"The Exorcist III"

"The Exorcist III"

In 1975, a young girl named Regan MacNeil was afflicted by a rare and bizarre condition. Fifteen years later, a police lieutenant investigates a series of ritualistic, horrific killings, but the only suspects are a man who was executed fifteen years earlier, and a priest who fell down a long, long flight of stairs. Evil walks again in William Peter Blatty The Exorcist III (1990), based on his 1983 novel Legion and the third film in the Exorcist series.

 

 

 


 

Lt. Bill Kinderman (George C. Scott) is haunted by the savage murders that plague Georgetown: a young boy is found decapitated; a priest in a confessional booth suffers the same fate; and Kinderman's good friend, Father Dyer (Ed Flanders) is found dead in hospital, his body drained of every drop of its blood. The murders are reminiscent of the reign of terror perpetuated by the Gemini Killer, who was executed the same day Father Damien Karras (Jason Miller) was killed when he assisted in the exorcism of Regan MacNeil, fifteen years prior. A man (Brad Dourif) in the psychiatric ward at the hospital claims to be the killer, and when Kinderman goes to see him, he's confronted with an evil beyond explanation and hell bent on revenge.

 

The Exorcist, as written by Blatty and directed by William Friedkin, carved itself into the hearts of horror buffs for all time with its imagery, of a pretty young girl turned inside out by the demon that possessed her. We all remember the pea soup, the spider-walk, the head-turning, the bloody masturbation scene. It was shocking, it was horrifying, it was revolting, and maybe that's why the more subtle The Exorcist III has no choice but to exist in its grandfather's shadow. There's virtually no gore in Blatty's film, save for the end (which was forced on him by Morgan Creek Productions, aghast that a movie in the Exorcist series had no exorcism). Instead, the evil is of a more cerebral, silent quality: blood that slowly seeps along the floor, instead of being splashed across the screen;  voices in the dark that whisper of Satan, instead of a demonic roar that mocks our mothers and our daughters. There are a few cheap scares (even if the nurses' station murder is a brilliant guilty pleasure), but Blatty serves us the horror by delicately layering it, and not unloading it like Friedkin did in The Exorcist.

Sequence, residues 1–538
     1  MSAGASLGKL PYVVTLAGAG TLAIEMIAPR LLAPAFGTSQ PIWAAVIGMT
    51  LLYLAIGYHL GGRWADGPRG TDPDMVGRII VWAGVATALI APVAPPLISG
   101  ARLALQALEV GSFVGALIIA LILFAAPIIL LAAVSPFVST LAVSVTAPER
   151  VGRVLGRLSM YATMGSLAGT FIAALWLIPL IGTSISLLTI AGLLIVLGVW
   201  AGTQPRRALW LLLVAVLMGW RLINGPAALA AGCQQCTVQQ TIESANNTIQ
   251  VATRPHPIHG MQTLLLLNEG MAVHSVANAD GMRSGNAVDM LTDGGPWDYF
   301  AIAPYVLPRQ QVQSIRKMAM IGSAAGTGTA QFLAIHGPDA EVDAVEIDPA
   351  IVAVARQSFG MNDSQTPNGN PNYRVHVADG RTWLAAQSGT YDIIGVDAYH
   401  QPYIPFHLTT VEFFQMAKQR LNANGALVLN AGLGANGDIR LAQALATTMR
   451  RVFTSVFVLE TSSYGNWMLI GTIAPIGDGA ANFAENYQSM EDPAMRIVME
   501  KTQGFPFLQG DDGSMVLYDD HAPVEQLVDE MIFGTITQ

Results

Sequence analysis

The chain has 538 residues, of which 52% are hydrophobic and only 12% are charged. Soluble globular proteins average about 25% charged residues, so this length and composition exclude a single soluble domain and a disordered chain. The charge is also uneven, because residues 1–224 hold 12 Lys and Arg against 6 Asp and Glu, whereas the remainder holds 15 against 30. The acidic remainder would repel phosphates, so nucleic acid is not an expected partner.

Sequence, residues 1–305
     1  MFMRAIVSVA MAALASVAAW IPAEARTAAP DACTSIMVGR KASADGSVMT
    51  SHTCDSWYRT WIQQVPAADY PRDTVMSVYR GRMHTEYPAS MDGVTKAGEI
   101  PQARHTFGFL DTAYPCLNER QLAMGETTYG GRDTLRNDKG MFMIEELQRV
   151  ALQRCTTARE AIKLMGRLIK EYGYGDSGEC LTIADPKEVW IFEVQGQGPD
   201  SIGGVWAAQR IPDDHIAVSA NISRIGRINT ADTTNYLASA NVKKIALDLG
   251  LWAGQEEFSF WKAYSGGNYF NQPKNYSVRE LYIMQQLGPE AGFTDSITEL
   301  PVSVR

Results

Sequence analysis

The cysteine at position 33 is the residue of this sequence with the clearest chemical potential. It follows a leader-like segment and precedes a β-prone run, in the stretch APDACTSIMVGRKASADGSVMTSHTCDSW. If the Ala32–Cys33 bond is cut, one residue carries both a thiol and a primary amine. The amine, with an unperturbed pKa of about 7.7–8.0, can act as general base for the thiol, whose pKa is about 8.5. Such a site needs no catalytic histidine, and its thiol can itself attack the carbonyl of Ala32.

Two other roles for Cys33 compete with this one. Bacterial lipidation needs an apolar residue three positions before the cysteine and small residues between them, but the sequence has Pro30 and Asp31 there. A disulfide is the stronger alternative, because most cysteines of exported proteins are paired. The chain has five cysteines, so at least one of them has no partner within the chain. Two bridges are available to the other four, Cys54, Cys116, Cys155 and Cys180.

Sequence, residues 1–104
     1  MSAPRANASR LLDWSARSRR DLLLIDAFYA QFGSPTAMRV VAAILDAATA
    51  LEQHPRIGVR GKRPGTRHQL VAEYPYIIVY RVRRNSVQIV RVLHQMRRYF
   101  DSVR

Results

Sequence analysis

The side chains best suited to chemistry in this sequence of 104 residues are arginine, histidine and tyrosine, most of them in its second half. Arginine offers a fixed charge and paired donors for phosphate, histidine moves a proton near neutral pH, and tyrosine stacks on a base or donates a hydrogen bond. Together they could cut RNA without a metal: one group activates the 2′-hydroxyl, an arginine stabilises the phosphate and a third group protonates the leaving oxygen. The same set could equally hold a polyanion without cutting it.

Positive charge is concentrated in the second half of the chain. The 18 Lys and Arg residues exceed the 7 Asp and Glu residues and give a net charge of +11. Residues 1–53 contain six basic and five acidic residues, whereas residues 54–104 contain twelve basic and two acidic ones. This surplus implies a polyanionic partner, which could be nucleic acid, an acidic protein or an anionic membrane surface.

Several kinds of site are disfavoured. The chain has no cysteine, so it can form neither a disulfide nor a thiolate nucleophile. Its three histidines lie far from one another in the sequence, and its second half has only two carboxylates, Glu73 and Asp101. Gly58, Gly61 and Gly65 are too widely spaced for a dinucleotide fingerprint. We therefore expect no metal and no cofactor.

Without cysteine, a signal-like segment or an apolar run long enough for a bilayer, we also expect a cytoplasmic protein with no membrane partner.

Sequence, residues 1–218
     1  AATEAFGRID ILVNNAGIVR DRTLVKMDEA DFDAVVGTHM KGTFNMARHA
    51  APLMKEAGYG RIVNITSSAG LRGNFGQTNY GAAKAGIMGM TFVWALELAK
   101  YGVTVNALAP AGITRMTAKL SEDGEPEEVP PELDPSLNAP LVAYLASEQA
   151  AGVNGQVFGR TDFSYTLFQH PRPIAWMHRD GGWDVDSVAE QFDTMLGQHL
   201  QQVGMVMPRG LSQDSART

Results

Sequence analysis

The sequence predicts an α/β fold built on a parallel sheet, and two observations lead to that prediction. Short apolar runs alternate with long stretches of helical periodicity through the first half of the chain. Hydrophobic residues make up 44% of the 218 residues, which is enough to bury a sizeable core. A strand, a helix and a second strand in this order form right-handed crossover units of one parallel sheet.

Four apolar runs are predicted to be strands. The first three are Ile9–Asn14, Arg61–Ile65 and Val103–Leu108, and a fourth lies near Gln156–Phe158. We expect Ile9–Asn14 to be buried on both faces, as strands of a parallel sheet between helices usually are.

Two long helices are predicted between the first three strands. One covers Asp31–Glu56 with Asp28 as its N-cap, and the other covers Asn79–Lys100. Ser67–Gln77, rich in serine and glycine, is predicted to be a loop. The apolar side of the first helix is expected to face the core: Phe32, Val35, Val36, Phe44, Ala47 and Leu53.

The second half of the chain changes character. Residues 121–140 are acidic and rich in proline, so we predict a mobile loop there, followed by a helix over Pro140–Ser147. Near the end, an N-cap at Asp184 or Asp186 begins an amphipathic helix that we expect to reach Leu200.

Complementing the more aesthetic approach is George C. Scott's masterful and powerful performance as Bill Kinderman (taking over the role from Lee Cobb). Scott channels the rage, horror and sadness at the insanity & evil that claimed his friends, and now his family, so well that he owns every scene he's in, demons and all. Brad Dourif turns from a sneering serial killer into a raving, possessed vessel at the drop of a hat, and Miller takes his troubled Karras from The Exorcist and makes him an ancient, mighty creature of evil, that can incinerate a Bible and strip the skin from your flesh with a blink of his eyes. It may not be "Your mother sucks cock in hell", but voiced by Colleen Dewhurst, "This time, you're going to lose" may be even better.

 

The Exorcist III will never dethrone the original, and that's probably as it should be. The Exorcist is a truly frightening, great film, but was equal parts makeup and psychological horror; The Exorcist III almost jettisons any traditional horror trappings in favor of its more intellectual approach. I say "almost", because even though the exorcism at the end was imposed by Morgan Creek and makes little sense in the context of the movie, it's quite well done (if wrapped up too quickly). There are times The Exorcist III feels slow-paced, and the sight of a crucified Karras rising from hell is a jolt of adrenaline that takes the horror from the surreal into the terrifying.

 

Purists will always swear by the original, and well they might. But The Exorcist III is a worthy successor of the legacy, and a far cry better than Exorcist II: The Heretic, or either of the prequels. Like any good sequel, it's not perfect; it may not glue you to the edge of your seat, but it serves as an intriguing and thoughtful conclusion to the story of The Exorcist. 4.0/5.0